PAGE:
Common Misconceptions About Government Statistics
July 22nd, 2008 · No Comments · Subscribe to this feed
Misconception: The CPI does not include food or energy prices.
Yes it does. There are many different CPI indices used for different purposes. There is one, the CPI Core index, that excludes food, energy, and other volatile products to make it easier to see short-term inflation trends, but this is by no means the only or even primary CPI index. People often get the idea that the Core Inflation index is the “official” or only inflation index due to its common citation in the media and Federal Reserve, but nothing could be further from the truth. The broadest and most widely-used CPI index, the CPI-U, includes both food and energy prices.
Misconception: Official Unemployment numbers are artificially low because they only count those who apply for unemployment benefits. When benefits run out, those people are no longer counted.
Unemployment number may very well be artificially low (the birth-death model isn’t exactly a model of precision), but it’s not because the BLS only counts those collecting unemployment benefits. This misconception is so widespread, the BLS actually addresses it specifically in its FAQ on how the government measures unemployment:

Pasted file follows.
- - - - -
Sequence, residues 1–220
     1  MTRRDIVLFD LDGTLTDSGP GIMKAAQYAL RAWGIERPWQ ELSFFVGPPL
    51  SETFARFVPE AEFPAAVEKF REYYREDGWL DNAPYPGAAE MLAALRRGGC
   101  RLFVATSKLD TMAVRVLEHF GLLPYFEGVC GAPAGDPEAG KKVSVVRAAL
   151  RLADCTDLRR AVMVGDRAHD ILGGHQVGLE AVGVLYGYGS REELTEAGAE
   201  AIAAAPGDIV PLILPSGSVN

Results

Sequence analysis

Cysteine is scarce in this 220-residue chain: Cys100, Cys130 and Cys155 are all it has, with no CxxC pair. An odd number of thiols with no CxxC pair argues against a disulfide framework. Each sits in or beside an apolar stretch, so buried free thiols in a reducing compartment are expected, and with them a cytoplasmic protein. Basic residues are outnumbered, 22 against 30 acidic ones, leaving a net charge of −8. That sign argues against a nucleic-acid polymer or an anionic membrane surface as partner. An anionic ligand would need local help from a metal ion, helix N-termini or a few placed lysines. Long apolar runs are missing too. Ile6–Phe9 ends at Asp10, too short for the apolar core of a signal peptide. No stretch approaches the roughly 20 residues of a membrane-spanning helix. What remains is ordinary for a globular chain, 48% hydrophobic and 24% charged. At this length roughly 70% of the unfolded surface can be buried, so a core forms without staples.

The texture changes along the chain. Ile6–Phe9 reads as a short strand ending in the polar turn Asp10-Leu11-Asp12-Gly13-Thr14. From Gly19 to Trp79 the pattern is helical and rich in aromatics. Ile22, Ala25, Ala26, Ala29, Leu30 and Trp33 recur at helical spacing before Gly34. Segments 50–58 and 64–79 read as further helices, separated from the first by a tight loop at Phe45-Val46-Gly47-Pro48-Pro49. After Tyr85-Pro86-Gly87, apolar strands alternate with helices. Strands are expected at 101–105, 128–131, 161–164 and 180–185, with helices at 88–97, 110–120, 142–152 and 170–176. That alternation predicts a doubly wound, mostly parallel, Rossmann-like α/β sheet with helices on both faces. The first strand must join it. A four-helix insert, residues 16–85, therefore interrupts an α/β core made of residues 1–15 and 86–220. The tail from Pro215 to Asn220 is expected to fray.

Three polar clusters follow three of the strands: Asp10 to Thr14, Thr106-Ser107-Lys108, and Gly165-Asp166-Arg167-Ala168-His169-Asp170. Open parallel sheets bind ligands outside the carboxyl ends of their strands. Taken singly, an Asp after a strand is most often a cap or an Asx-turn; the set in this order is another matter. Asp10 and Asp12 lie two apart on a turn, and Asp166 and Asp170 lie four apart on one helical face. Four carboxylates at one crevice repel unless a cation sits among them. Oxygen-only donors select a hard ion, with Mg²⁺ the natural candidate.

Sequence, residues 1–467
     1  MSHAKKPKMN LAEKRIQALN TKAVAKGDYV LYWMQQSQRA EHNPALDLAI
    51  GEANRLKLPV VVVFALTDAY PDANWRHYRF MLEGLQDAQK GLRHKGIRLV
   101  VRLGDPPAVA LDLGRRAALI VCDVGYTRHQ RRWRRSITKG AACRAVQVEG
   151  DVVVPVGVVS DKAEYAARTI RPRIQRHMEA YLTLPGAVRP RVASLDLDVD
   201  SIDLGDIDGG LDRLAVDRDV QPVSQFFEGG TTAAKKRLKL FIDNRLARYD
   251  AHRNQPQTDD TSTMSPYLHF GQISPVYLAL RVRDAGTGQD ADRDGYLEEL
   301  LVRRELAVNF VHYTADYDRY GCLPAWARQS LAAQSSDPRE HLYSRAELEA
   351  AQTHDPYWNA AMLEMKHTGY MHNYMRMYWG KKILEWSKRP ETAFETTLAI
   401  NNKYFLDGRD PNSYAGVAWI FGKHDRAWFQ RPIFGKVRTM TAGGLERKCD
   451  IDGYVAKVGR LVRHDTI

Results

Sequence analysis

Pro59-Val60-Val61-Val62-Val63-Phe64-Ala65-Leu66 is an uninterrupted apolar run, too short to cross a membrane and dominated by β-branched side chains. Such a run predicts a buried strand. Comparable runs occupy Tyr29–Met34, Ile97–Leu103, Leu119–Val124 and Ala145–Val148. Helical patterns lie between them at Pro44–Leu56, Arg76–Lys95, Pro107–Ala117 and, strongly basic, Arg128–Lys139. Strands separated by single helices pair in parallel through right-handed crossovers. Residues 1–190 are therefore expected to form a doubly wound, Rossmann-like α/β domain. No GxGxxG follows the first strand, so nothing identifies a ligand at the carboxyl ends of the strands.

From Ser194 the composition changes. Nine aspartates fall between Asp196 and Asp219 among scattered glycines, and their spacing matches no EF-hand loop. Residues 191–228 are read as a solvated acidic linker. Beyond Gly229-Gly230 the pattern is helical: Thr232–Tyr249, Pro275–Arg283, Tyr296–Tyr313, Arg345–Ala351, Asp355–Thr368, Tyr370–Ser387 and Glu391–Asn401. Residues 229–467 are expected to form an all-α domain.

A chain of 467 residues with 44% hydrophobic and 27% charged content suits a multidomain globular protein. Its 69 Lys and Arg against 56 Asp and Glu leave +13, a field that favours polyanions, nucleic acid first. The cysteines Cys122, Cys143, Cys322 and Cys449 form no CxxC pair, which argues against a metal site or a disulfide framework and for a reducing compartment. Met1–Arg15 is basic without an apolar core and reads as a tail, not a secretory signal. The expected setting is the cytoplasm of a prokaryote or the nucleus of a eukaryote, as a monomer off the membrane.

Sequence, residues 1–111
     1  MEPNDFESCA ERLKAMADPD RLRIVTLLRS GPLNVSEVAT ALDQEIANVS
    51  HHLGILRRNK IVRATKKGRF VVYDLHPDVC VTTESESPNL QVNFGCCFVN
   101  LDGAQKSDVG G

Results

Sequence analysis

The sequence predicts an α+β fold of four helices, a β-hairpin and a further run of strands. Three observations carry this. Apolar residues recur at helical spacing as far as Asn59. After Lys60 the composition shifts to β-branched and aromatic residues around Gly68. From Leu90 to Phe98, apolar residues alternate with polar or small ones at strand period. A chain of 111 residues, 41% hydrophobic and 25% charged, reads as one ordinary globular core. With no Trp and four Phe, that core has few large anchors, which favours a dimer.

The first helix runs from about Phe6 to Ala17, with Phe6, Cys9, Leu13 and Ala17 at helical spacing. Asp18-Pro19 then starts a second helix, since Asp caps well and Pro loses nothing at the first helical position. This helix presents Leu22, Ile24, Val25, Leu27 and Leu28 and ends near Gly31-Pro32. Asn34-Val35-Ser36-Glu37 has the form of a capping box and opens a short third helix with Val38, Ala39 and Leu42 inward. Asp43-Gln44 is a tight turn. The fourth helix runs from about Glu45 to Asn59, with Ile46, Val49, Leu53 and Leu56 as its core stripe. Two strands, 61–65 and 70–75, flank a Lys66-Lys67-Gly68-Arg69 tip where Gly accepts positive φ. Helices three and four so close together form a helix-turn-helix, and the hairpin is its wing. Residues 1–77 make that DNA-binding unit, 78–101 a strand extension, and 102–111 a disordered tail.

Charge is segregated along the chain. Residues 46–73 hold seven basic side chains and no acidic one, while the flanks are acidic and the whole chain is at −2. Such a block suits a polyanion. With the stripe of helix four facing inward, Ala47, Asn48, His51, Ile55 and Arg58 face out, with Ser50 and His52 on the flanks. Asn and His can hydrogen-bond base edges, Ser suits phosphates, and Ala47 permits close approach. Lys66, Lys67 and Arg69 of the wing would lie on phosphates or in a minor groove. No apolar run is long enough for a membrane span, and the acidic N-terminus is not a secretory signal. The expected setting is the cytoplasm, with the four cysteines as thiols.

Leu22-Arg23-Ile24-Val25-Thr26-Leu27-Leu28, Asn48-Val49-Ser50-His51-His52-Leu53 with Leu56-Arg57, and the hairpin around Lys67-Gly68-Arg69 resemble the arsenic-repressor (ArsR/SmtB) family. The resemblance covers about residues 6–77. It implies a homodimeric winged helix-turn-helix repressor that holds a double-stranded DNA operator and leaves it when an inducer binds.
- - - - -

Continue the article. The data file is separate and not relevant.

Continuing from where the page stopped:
“…Some people think that to get these figures on unemployment the Government uses the number of persons filing claims for unemployment insurance (UI) benefits under State or Federal Government programs…”
They go on to explain how the number is actually produced, saying
“Because unemployment insurance records relate only to persons who have applied for such benefits, and since it is impractical to actually count every unemployed person each month, the Government conducts a monthly sample survey called the Current Population Survey (CPS) to measure the extent of unemployment in the country.”
Misconception: Social Security will run out of money in 2017/2040/whatever
Well, maybe, but it’s not extremely likely. According to The Atlantic Online
“Actually, Social Security projections are based on extremely pessimistic economic assumptions: that growth will average just 1.8 percent over the next twenty years, a lower rate than in any comparable period in U.S. history…These projections are genuinely a worst-case scenario.”
While I personally agree that social security should be reformed, I don’t think the situation is as dire as you hear in the media. It’s their job to stir the pot and create news, not tell you everything will be ok.